RoK Window Pains
Finally, spring has sprung and we no longer have to wear our entire wardrobe before braving the outside world. These past few weeks have seen some glorious spring days with temperatures over 16°C. As the buds begin to open and the blossoms begin to bloom we prepare ourselves for the unbearably hot, sticky summer in the concrete urban jungle.
Meanwhile, the next few cooler spring months are welcoming after the torturously barbaric winter. It was during this weather transition that I was introduced to a strange Korean custom. Travelling shoulder to shoulder with complete strangers in a moving airless box is already uncomfortable, but when you add heat into the equation you get meals on wheels. You would think that opening a window to let a breeze in and the air circulate is a completely natural
reaction. However, keeping a window open as a bus makes its approach to a tunnel creates an awkward atmosphere. Almost perfectly synced it is like observing some ancient ritualistic tradition as the click of locking windows is heard around the bus.
Should one window be open, mad hysteria ensues. People work together in an effort to close it; bodies move and invade personal space whilst attempting to reach their goal. I was blissfully unaware of this tradition and almost made a 16-stone (224lbs) man cry as I fought with him to keep my window open. Sadly, the whiney voice that came out of the mouth of this mature man in his mid-30s was too much for me. It was a sound that reminded me of a half-dead animal, whimpering to be put out of its misery. Pity and weariness took over and for the next peaceful thirty seconds the window remained closed.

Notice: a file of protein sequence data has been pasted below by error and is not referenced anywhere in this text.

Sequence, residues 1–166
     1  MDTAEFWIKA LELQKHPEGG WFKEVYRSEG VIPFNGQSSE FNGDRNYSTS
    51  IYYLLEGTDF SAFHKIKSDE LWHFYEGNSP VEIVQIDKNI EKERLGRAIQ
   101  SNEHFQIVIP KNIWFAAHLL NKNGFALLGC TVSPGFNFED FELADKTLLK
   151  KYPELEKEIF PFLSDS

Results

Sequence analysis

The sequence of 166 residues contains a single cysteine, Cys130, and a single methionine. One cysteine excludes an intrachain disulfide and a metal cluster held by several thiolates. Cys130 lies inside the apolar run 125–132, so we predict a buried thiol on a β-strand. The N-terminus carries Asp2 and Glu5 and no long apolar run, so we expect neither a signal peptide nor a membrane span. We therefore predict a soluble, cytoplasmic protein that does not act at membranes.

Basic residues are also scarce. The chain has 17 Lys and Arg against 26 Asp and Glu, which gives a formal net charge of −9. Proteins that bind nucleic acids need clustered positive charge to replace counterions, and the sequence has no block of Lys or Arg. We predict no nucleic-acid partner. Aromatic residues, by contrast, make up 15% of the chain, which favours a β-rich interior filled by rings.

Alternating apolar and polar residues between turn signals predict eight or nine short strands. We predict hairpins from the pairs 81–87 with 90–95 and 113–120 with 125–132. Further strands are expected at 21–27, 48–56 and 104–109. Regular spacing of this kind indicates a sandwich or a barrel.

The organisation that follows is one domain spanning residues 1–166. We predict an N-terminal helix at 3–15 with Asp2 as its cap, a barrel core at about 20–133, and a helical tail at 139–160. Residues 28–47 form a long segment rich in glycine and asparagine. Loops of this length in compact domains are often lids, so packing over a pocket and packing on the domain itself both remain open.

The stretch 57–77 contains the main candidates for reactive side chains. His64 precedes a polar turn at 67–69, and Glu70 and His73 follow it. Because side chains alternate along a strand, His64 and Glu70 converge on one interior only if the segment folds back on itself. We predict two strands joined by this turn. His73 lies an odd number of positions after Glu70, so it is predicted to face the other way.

When my stop came up, I fiendishly made sure to open the window before I left the bus. As I walked away, I couldn’t help feeling perplexed by the whole fraught experience. I thought why do South Koreans react in this way? Was their some arcane science that passengers would be sucked from the bus as it reached high speed in a tunnel? Could the wind cause uncontrollable resistance to the degree that the bus driver could do nothing to avoid a crash, with the hope that the passengers would survive?
I could not fathom any reasonable explanation for this bizarre ingrained behaviour. After some detective work I found that the Koreans are fearful of the toxic fumes thriving in the tunnel and that inhalation could potentially be fatal.
My girlfriend told me of another false belief currently circulating. With Seoul being 700 miles from Tokyo, concerns about radioactivity have been in the news. Apparently, one questionable way to stop the radiation is to ingest some salt as doing so will offer protection from radioactive iodine. Unfortunately, the large amount of iodised salt (at least 1.5 kg) needed to bring about this ‘protection’ would be enough to put the believer into intensive care, or worse.
Another protective notion relating to radiation and that is actually instructed by her school is to shut all the windows to keep the radiation from entering the building. I’m not a scientist, but if glass had the capability to stop radiation wouldn’t it have made sense for the Japanese to have built a glass nuclear reactor? Whether or not my partner’s co-workers and students had complete faith in the protection of glass I don’t know, but I do know that they became increasingly disgruntled as they slowly suffocated in their ‘radiation-free’ classroom.
So if you don’t want to cause offence in Korea – don’t open a window.
© John Brownlie 2011